Though enthusiastic and dedicated, the small team in Yarck had little experience in presenting events, so Libby worked with them to implement some basic venue management and operational structure. She assisted the committee in setting up Trybooking ticketing for each event to facilitate ticket sales, which in turn allowed them to begin building an email database that would help them to promote future shows. Within the project and with assistance from Regional Arts Victoria Touring department, the team at Yarck developed professional flyers for the events and distributed them to local community groups and businesses, sharing their events to active local Facebook pages and advertising in the local gazette. They also successfully activated local businesses, the Giddy Goat Café and the Yarck Bookshop, as a ticket sales points for all shows.
The shows in Yarck were a great success, with a sold out audience for Rod Quantock and a near sell-out for The Ballad of Backbone Joe, with some audience members travelling from surrounding towns of Flowerdale, Merton and Yea. In the final stage of the mentorship, with the support of Regional Arts Victoria the team submitted to the Creative Victoria Small Regional Presenters Fund to support a 2017 season.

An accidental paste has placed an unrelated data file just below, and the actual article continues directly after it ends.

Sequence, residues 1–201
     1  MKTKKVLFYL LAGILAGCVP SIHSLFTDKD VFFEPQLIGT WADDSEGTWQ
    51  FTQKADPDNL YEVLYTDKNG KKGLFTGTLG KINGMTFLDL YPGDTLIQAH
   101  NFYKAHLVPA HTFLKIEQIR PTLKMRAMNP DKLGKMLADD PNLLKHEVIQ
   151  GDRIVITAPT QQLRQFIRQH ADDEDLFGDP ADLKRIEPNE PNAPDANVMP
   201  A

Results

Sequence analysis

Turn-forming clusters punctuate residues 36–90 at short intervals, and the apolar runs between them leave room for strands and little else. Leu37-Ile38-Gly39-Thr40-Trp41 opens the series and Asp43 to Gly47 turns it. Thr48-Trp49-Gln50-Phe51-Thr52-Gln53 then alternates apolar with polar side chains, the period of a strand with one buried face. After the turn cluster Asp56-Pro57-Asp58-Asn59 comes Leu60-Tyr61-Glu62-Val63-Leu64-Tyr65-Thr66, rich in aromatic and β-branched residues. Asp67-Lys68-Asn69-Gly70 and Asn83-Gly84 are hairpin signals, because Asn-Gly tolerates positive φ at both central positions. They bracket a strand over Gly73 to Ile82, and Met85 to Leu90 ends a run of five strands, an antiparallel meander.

Robyn Walsh of Yarck Hall says the mentorship program was a genuine eye-opener. ‘There are five of us in the committee, a couple of teachers, a nurse and a cleaning lady, and none of us have ever had any kind of art marketing experience. We were all pretty green, so the help we were able to get from Libby was really terrific. I hadn’t thought of enticing the local media to come along, but Libby we suggested that we offer them free tickets, and we ended up with a full page spread in the local paper, with beautiful pictures of our final show!’
Sharpening the tools in Ararat